1. There is a common South African citizenship.

2. All citizens are

a. equally entitled to the rights, privileges and benefits of citizenship; and

b. equally subject to the duties and responsibilities of citizenship.

This is rather more formulaic and legalistic than Washington’s prose, but conveying the same sentiments: distinctions on the basis of race, ethnicity, gender, political affiliation are (or should be) conceptually irrelevant. It bears repeating that this was an approach to citizenship that South Africa had never had before.

And if Washington could counsel Americans to applaud themselves for having established a new mode of citizenship, South Africans can be forgiven for wondering if theirs has come to fruition.

One of the most obvious points here is that while formal citizenship – the passports and franchise side of things – is free of ascriptive identities (and that’s no small thing), questions of political inclusion and the legitimacy to claim it often default into ethnic and racial terms. A formally civic conception of citizenship coexists with an ethnic view in the minds of many power brokers and thinkers.

This recalls the powerful pull of history, perhaps inevitable in a society marked by inter-communal conflict, and the entrenchment of racial nationalism in some quarters. And where demographic factors have correlated closely with political support, this was perhaps coldly rational.

It has been on display since the early years of democracy. Even under the presidency of Nelson Mandela – a man who made a genuine attempt to reach out across the country’s divides, and probably stands as the one head of state who could claim to represent the country rather than a faction within it, and who was loved for it – racial qualifications had asserted themselves in the country’s politics and discourse around belonging.

This was evident in the repetitive resort to the dread accusation of racism to fend off criticism, or to dismiss policy disagreements. It found its way into legislation and policy, with requirements for ‘transformation’, which was an ill-defined concept with which everyone felt compelled to agree but whose objectives were never quite clear, but often seemed to hinge on ‘demographic representivity’. These were typically justified as recompense for the damage inflicted by apartheid, but the consequence was that the concept of ascriptive identification by the state was becoming increasingly entrenched.

More divisive than this, though, was the growing assertion of the idea of ‘African hegemony’, which began to appear in publications produced by the African National Congress. Again, this was a somewhat imprecise notion, but one which unmistakably saw South Africa as taking on a distinctive ‘African’ character, under the leadership in all spheres of African people. In practical terms it dovetailed well with demands for demographic representivity. The envisaged outcome – indeed, what was presented as an inherently natural state of affairs – would see influence in all areas wielded by race groups in proportion to their size.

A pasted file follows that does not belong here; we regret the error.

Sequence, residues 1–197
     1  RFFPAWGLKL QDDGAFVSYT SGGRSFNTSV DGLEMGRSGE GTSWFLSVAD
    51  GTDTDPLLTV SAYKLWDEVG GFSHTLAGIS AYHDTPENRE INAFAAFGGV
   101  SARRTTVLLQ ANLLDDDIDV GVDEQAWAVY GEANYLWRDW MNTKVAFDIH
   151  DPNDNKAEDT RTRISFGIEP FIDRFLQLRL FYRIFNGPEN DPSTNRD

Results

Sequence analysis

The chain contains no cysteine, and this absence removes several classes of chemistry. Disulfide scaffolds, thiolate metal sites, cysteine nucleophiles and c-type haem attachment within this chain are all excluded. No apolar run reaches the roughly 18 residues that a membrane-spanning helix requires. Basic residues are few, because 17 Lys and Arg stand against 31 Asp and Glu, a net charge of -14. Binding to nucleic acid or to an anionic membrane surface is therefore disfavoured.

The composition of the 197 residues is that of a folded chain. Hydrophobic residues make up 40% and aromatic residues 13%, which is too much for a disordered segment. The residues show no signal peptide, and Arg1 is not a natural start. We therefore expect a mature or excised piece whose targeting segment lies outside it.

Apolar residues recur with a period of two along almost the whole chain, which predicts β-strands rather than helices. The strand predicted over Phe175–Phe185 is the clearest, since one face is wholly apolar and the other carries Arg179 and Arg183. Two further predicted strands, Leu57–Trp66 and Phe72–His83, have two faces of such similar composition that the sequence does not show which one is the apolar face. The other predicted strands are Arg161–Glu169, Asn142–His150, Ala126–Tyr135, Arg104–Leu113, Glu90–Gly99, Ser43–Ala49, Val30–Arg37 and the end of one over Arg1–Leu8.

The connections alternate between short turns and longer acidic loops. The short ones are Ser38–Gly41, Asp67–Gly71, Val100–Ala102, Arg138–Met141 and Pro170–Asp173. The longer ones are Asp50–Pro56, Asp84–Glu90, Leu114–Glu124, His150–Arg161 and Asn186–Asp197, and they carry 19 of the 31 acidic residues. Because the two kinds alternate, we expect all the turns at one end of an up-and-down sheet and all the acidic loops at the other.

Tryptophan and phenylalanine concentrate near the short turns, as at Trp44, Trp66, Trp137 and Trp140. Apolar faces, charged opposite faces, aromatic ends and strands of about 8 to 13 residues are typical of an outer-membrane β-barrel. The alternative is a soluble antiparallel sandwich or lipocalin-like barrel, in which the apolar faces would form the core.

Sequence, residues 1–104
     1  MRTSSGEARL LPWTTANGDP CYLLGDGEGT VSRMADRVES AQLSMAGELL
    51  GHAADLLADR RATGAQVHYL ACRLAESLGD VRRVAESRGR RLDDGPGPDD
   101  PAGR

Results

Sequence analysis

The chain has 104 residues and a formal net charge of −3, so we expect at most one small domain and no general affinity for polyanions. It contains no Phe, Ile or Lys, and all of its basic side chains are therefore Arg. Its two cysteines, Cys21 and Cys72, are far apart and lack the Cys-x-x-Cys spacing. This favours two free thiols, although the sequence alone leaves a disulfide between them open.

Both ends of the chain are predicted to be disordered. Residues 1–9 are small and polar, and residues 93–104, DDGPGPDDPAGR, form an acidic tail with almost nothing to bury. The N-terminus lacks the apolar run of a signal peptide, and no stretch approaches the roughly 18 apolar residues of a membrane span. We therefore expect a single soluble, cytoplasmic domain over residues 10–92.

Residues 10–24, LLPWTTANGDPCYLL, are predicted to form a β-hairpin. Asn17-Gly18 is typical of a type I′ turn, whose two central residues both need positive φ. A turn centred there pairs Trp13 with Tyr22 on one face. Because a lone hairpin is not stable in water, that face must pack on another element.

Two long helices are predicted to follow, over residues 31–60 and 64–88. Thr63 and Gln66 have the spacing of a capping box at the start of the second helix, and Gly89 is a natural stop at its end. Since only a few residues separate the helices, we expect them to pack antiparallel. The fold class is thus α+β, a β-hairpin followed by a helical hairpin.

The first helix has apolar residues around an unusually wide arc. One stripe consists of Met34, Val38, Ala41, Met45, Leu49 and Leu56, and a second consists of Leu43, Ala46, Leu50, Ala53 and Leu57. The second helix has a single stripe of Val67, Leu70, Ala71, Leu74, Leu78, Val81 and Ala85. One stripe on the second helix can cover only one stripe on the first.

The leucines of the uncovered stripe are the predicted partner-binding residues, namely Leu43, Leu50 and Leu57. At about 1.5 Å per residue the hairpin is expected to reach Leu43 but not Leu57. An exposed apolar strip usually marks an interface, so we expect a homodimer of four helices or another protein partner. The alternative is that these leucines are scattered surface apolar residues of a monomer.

Wynand Greffrath of North West University reflected on this in an article published in 2016:

'Clearly, the ANC was always more devoted to an Africanist, rather than a civic-nationalist interpretation of post-apartheid South Africa. Notwithstanding the important Charterist tradition in the party, the ascension to political power led to a swift abandonment of a civic nationalism in the ANC. This is contemporaneously corroborated by [Irina] Filatova when she notes that, ‘at this particular moment of South Africa’s history a nationalist stance offers a better political potential to the ANC than non-racialism, whether based on class solidarity or on “rainbow” all-inclusive nationhood’. This ethnic Africanist impetus behind both the National Democratic Revolution and its telos in post-apartheid South Africa would reach new heights during Mbeki’s succession as president, both as his personal obsession and as government policy. This was reflected in his ‘two nations’ theorem and almost impulsive recourse to race on a variety of issues, including his stance, domestically, on HIV/Aids, whilst internationally he was preoccupied with Africanist initiatives such as NEPAD and the propagation of his "African renaissance" project.'

This trajectory continues to be pursued with varying degrees of energy. A whole discourse has grown around the notion of ‘our people’, something that clearly divides nominal co-citizens into separate camps. ‘Ours’ against ‘theirs’, in other words. This was especially prominent in the Expropriation without Compensation drive. Racial considerations loom in some sense ever larger than before in government demands. The recent amendment to the Employment Equity Act has introduced the framework for ministerially-determined racial quotas that will probably prove fatal to firms that fall foul of them. This is an extraordinary triumph of politics over pragmatism, in a country struggling with one of the world’s worst unemployment crises and in which entrepreneurship is a rare and rarely successful endeavour.